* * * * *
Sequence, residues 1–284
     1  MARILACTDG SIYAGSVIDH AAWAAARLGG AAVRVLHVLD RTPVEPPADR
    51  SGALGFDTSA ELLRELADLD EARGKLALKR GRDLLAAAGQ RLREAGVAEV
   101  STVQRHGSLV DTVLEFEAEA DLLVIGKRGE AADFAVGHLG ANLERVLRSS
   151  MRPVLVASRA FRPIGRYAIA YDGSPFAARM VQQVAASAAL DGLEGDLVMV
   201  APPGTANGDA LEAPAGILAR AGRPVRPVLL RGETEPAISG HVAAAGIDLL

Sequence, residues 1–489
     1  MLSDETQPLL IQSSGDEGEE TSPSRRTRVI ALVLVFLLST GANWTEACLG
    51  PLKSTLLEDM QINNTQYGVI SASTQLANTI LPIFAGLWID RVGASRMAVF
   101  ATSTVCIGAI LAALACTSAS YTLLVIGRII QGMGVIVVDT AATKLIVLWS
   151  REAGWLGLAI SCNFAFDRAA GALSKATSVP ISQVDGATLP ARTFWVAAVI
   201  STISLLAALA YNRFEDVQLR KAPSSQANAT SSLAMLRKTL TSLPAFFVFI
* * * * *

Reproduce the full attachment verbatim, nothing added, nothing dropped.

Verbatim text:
Sequence, residues 1–284
     1  MARILACTDG SIYAGSVIDH AAWAAARLGG AAVRVLHVLD RTPVEPPADR
    51  SGALGFDTSA ELLRELADLD EARGKLALKR GRDLLAAAGQ RLREAGVAEV
   101  STVQRHGSLV DTVLEFEAEA DLLVIGKRGE AADFAVGHLG ANLERVLRSS
   151  MRPVLVASRA FRPIGRYAIA YDGSPFAARM VQQVAASAAL DGLEGDLVMV
   201  APPGTANGDA LEAPAGILAR AGRPVRPVLL RGETEPAISG HVAAAGIDLL

Sequence, residues 1–489
     1  MLSDETQPLL IQSSGDEGEE TSPSRRTRVI ALVLVFLLST GANWTEACLG
    51  PLKSTLLEDM QINNTQYGVI SASTQLANTI LPIFAGLWID RVGASRMAVF
   101  ATSTVCIGAI LAALACTSAS YTLLVIGRII QGMGVIVVDT AATKLIVLWS
   151  REAGWLGLAI SCNFAFDRAA GALSKATSVP ISQVDGATLP ARTFWVAAVI
   201  STISLLAALA YNRFEDVQLR KAPSSQANAT SSLAMLRKTL TSLPAFFVFI